This post was first published March 6, 2009.
Sooner or later, you do a job long enough, something unusual will occur that makes the entire process glow with a new light…
So it is with checking heifers…
I mentioned before how I check the heifers sometime between 10 and 11 pm.
There are no street lights.
Moonlight and starlight exist in its phases, but believe me, no moon and a cloudy sky make for impenetrable blackness.
That is a fantastic time of night for my imagination to run wild. As a child, I was scared of the dark.
Those horrors were based on a premise of a strange man coming and looking in my window or being in the house. I now know, that a strange man, coming into my yard at night, would be surrounded by my pack of English Shepherds, who would give him no quarter! That fear has poofed into a smoky memory… and as a result, new fears have had to take its place!
I get the creeps when my sister calls and talks about UFOs… or Bigfoot. I will hurry my steps if the ice isn’t too bad… until I look at Lucas and Elsa and Dally, and know that ANYTHING strange is going to be met with repeated and threatening barking. Sometimes the black shape of a heifer laying down is enough to set them off! If something in the darkness is different than it is in the daytime… they let me know. So why creep out that Bigfoot is gonna come get me until the dogs alert me to that fact??
Unfortunately, years ago, I wasn’t surrounded by English Shepherds. I had Josie Mae. A blue merle Aussie known for her ability to sit and “beg” until her backbone turned into cooked spaghetti and she’d flop over for a belly rub. She was also known for her ability to trot alongside my horse wherever the horse’s cool shadow ran along the ground… except underneath, though I’m sure she’d have liked to try!
Let’s just say that Josie Mae wasn’t a hard worker… she was sweet. She was a companion. She was NOT an aggressive cowdog!
Walking with Josie to the calving shed one evening… my pitiful flashlight battery was weak and barely punctured that blackness. It would show me a few steps ahead and that was as far as its energy could project.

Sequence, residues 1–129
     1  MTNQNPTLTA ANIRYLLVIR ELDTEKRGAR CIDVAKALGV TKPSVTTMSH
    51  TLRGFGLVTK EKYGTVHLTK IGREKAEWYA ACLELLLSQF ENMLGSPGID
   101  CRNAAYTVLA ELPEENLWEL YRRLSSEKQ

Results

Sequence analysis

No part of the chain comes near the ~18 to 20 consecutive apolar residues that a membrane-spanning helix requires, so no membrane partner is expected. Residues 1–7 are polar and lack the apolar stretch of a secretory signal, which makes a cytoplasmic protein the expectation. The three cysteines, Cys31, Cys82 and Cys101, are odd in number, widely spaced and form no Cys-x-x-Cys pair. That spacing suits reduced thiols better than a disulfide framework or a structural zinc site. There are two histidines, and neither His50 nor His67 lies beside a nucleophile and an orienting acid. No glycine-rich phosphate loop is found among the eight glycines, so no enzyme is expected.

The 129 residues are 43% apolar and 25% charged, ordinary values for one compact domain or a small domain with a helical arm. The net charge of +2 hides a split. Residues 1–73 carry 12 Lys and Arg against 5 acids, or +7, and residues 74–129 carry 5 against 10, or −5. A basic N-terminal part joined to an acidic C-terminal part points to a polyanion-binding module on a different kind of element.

I checked the heifers.
I closed the gate to the corral.
A short distance away were a few unfortunate calves that had lost their struggle to be walking the earth.
As we passed by, Josie Mae, quiet-easy-going-lovable-gentle Josie Mae, went ballistic!
Eyes peering into the darkness.
As my feet returned to the earth, I made myself inhale, then exhale, and turned the miniscule flashlight beam towards the “dead pile”. The weak light was met by two glowing eyes. I couldn’t tell you what kind of critter belonged to those eyeballs, because, frankly, I didn’t stick around to do any deciphering!
Upon further reflection the next day, they were large (not raccoon or skunk), low to the ground (as if whatever-it-was was crouching), and wide enough to reassure me that the animal was BIG ENOUGH.
Coyote? I don’t think so…
Mountain lion? My best guess… but I can’t say for sure!
Josie and I were OUT OF THERE QUICKLY!!! Whatever-it-was could help itself to some dead beef if it wanted!Find me here!
2 thoughts on “#TBT: Heifer Story, v.2.0”
Great story, we only have to worry about little critters and coyotes back here. I’ll bet it took you a little longer to get back to sleep.
Great true story. I had a cougar in my yard last year. The dogs were in the house and barking. I got my, of course, weak flashlight and out I went. I turned the corner by the house. It snarled at me and although I could not see it, I knew the sound. I carefully, but quickly retreated to the house and as I was shutting the door, I said, “the ducks are in the pond”. Figured a few dead ducks were better than me. I kind of think the cougar and I scared each other off. A neighbor saw one the same night.
Why did I not let the dogs out? I guess I was protecting them. tee he